Qatari genome mapping to help prevent diseases
Doha, January 8, 2014
Genetic variations of Qatar’s native population could help doctors target interventions to reduce the prevalence of a variety of debilitating hereditary disorders, said a study.
Researchers at Weill Cornell Medical College in Qatar (WCMC-Q) and Weill Cornell Medical College New York (WCMC-NY), working with colleagues from Cornell University in Ithaca and Hamad Medical Corporation, identified 37 genetic variants in 33 genes known to play causal roles in a total of 36 diseases, including such devastating conditions as cystic fibrosis, sickle cell anemia and muscular dystrophy.
The study pointed the way to more comprehensive screening for a host of inherited diseases, which could significantly reduce their incidence.
The project, entitled ‘Exome Sequencing Identifies Potential Risks Variants for Mendelian Disorders at High Prevalence in Qatar,' sequenced the DNA of 100 Qatari nationals representing the three major ethnic subgroups of the country – the Bedouin (termed Q1 for the purposes of the study), those of Persian-South Asian descent (Q2), and those of African descent (Q3).
By analysing the individuals’ exomes – important sections of the DNA containing the code that is translated into proteins – and comparing them to the genetic data of the participants in the worldwide 1000 Genomes Project (1000G), the researchers were able to identify the variations that cause disease among the Qatari population.
All of the conditions targeted in the study were called ‘Mendelian diseases,’ which are named for Gregor Mendel, the 19th century researcher who founded genetic science. Mendelian diseases are those caused by a single mutated gene and are also known as monogenic disorders.
Dr Ronald Crystal, chairman of genetic medicine at WCMC-NY, said: “There are about 3.2 billion letters that comprise the human genome and about two per cent of those letters code for the actual proteins. This two percent is found in regions called exomes. A Mendelian or monogenic disease is caused by a change in a single letter out of the 3.2 billion.”
“The reason this is relevant for Qatar is that the structure of the society encourages a high degree of consanguineous marriage, so the frequency of these monogenic diseases is quite high.”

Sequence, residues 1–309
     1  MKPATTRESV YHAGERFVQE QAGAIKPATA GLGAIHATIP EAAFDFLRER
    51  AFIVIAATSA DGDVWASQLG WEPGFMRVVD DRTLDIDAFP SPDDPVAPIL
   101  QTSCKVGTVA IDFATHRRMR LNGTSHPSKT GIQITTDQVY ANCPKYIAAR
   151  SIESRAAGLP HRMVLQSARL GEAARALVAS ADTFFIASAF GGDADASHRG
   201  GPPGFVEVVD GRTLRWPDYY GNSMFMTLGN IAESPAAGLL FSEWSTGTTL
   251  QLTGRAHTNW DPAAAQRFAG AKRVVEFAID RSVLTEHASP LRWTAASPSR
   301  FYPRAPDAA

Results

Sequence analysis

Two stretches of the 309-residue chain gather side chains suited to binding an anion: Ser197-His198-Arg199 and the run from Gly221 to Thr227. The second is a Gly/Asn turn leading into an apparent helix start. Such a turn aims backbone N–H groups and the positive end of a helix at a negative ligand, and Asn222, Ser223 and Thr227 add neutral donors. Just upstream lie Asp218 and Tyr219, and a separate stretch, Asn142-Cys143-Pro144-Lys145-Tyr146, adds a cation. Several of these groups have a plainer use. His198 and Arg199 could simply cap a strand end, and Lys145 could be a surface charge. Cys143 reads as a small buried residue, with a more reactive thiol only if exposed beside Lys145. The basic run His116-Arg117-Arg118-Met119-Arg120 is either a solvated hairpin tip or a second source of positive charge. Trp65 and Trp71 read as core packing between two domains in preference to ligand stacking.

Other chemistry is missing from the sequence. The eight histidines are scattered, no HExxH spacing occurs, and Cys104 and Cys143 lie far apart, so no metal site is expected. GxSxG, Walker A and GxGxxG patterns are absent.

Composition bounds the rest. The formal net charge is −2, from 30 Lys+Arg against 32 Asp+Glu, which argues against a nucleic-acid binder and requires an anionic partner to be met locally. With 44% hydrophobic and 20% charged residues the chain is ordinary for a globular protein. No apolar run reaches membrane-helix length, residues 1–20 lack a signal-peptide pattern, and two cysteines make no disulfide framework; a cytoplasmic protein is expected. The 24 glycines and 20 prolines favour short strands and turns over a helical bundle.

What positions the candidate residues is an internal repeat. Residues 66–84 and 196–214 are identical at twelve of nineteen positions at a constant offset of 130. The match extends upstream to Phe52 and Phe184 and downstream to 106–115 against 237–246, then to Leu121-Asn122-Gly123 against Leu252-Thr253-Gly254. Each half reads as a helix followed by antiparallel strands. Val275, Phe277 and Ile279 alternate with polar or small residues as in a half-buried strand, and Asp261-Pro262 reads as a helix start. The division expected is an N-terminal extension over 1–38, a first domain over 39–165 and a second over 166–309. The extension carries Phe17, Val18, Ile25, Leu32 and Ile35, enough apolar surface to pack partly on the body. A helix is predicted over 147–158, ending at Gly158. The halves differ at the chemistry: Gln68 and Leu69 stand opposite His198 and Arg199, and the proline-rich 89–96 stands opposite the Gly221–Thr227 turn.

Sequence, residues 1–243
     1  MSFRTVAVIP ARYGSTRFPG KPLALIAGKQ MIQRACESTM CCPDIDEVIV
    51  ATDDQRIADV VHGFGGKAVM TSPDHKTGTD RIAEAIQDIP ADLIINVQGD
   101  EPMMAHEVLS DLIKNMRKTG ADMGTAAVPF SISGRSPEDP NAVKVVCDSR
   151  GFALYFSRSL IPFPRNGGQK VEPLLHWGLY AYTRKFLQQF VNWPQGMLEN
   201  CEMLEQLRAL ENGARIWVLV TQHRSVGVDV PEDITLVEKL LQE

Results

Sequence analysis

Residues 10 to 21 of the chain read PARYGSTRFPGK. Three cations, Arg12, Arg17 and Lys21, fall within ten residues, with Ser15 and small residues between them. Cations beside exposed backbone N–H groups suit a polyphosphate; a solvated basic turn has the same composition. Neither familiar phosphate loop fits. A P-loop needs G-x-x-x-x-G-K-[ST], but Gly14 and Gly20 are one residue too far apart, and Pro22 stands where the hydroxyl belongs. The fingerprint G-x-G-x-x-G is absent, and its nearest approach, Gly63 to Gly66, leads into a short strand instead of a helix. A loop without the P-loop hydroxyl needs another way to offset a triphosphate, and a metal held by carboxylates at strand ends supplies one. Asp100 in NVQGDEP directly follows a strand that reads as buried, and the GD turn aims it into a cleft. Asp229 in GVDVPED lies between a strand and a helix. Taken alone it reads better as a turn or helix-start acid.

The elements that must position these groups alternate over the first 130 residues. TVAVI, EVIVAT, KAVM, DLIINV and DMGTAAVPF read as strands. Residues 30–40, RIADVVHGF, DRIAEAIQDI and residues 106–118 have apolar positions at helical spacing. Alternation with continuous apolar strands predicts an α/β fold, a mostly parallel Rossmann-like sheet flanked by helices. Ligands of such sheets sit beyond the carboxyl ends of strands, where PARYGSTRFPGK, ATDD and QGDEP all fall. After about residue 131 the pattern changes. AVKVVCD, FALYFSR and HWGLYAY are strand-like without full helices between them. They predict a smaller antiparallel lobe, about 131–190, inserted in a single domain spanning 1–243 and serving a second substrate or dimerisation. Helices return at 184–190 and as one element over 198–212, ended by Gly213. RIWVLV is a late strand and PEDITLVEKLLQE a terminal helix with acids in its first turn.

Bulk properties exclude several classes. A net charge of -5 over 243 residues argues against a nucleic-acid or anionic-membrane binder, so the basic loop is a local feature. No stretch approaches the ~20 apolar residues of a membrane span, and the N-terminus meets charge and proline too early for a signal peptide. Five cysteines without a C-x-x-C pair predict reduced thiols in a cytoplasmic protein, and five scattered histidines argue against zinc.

Pre-marital counselling and screening is one method of decreasing the likelihood of children being born with monogenic diseases.
Currently, pre-marital counselling in Qatar screens for four genetic variations out of the 37 identified in the study and incorporating the newly discovered variations into the screening process could have a significant impact, he said.
On the practical applications of the study, Dr Crystal explained: “With more comprehensive screening, people will be able to make more informed choices about whether they feel its safe to have children together.
“Alternatively, it is possible to screen the fertilised eggs for variations that cause disorders before they are implanted.
“The improved screening can also be useful for adults who can change their lifestyle to prevent themselves from developing diseases,” said Dr Crystal.
In a separate study, led by Dr Crystal, researchers focused on a variation of a gene called ApoE that makes carriers disproportionally susceptible to having increased levels of unhealthy fats called triglycerides in their blood, which is associated with disorders such as heart disease, type 2 diabetes and stroke.
The ApoE variant, termed R145C, was previously considered extremely rare, but the study found that the mutation is far more common than was realised and that it disproportionally affects people of sub-Saharan African extraction.
“These findings have important implications for African and African-derived populations all over the world, including in the United States,” Dr Crystal added. - TradeArabia News Service
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